Logistics Regression is one of the most popular techniques borrowed by Machine Learning from statistics. It models the probabilities for binary classification problems ie. problems with two possible outcomes. It is used to predict the probabilities of the categorical dependent variable. In simple words logistics, regression predicts the probability of Y being 1 as a function of X. It is the extended version of the linear regression model. Linear regression cannot efficiently perform for classification on the other hand logistics regression can handle classification as well as regression. Linear regression can manage classification by passing the output to the logistic regression. This approach uses a logistics function to squeeze the output of a linear equation into probabilities. It is dichotomous in nature. That logistic function also known as sigmoid function looks like this:
Logistic Regression for Machine Learning
Logistics Regression

Logistic Regression for Machine Learning

The linear regression can classify by applying sigmoid function to it. Here is how we apply sigmoid function to linear regression:

Applying Sigmoid Function to Linear Regression

The function is developed by the statisticians to explain the relationship between population growth and the ecology. The key point to notice in the above equation is that whatever the value of n is given the output will always be between 0 and 1. It is an S-shaped curve that can take any real-valued number and map them into 0's and 1's. And the curve looks like this:
Logistic Regression for Machine Learning


There are mainly three types of logistic regression. They are:

  • Binary Logistic Regression

There can only be two possible outcomes. For Example; It will rain or not, You will win or lose, etc.

  • Multinomial Logistic Regression

It generalizes logistic regression problem to multiclass problems ie. having more than two possible outcomes. For Example predicting which bike is best, etc.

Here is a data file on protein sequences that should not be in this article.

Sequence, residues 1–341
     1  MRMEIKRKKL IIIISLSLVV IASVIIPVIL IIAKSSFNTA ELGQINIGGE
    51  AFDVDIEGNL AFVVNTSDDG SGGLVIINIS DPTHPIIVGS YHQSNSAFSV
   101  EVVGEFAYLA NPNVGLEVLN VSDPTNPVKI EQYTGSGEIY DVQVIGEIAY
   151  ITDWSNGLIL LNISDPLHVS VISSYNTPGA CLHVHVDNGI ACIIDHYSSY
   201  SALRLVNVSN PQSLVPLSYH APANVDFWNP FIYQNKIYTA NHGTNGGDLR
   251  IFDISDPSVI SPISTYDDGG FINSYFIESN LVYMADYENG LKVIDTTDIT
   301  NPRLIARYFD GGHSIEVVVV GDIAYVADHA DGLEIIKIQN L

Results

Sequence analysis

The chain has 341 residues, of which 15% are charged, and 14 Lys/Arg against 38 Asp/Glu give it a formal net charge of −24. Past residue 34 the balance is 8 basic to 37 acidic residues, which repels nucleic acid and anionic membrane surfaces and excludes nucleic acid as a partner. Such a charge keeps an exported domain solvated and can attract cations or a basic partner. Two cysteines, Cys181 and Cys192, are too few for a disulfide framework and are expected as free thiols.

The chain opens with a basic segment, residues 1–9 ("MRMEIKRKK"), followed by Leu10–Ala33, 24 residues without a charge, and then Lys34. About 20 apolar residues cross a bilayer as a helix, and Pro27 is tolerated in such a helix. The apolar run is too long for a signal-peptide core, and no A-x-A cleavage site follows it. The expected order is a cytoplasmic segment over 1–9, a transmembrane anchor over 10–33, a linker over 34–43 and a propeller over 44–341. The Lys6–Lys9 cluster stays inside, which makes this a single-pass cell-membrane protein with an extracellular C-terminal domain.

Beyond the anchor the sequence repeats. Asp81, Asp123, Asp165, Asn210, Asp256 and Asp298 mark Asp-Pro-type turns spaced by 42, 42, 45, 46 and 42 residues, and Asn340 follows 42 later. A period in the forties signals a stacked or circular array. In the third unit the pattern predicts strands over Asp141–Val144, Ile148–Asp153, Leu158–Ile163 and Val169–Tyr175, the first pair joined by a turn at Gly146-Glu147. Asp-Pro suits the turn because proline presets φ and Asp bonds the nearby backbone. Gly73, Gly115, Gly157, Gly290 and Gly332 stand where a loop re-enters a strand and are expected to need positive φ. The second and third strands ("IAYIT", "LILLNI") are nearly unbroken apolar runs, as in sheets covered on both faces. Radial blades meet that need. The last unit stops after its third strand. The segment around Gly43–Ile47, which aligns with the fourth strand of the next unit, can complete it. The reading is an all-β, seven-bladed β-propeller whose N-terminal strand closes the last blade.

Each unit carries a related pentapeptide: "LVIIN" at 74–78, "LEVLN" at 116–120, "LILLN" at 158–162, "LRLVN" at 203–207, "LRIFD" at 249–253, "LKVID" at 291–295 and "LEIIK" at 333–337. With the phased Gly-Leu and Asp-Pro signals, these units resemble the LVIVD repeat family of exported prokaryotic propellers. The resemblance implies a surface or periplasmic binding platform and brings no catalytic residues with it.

• Ordinal Logistic Regression

Used when there are multiple solutions in an ordered format. For Example, Finding which route is better to travel.

Some Assumptions of Logistic Regression are:
  • The dependent variable must be either binary or ordinal.
  • Observations should be independent of each other.
  • There is minimal or multicollinearity between independent variables.
  • They require a large sample size to predict.
  • The independent variable is linearly correlated to the log of odds.
Below we will implement the Logistic Regression in python:
For the implementation, we will be working on the dataset by Andres Ng on his  Machine Learning course of Coursera. You can download the data from here.

# imports importing the libraries
import numpy as np
import matplotlib.pyplot as plt
import pandas as pd
def load_data(path, header):
marks_df = pd.read_csv(path, header=header)
return marks_df
if __name__ == "__main__":
# load the data from the file
data = load_data("data/marks.txt", None)
# X = feature values, all the columns #except the last column
X = data.iloc[:, :-1]
# y = target values, last column of the data frame
y = data.iloc[:, -1]
# filter out the applicants that got admitted
admitted = data.loc[y == 1]
# filter out the applicants that din't get admission
not_admitted = data.loc[y == 0]
# plots
plt.scatter(admitted.iloc[:, 0], admitted.iloc[:, 1], s=10, label='Admitted')
plt.scatter(not_admitted.iloc[:, 0], not_admitted.iloc[:, 1], s=10, label='Not Admitted')
plt.legend()
plt.show()





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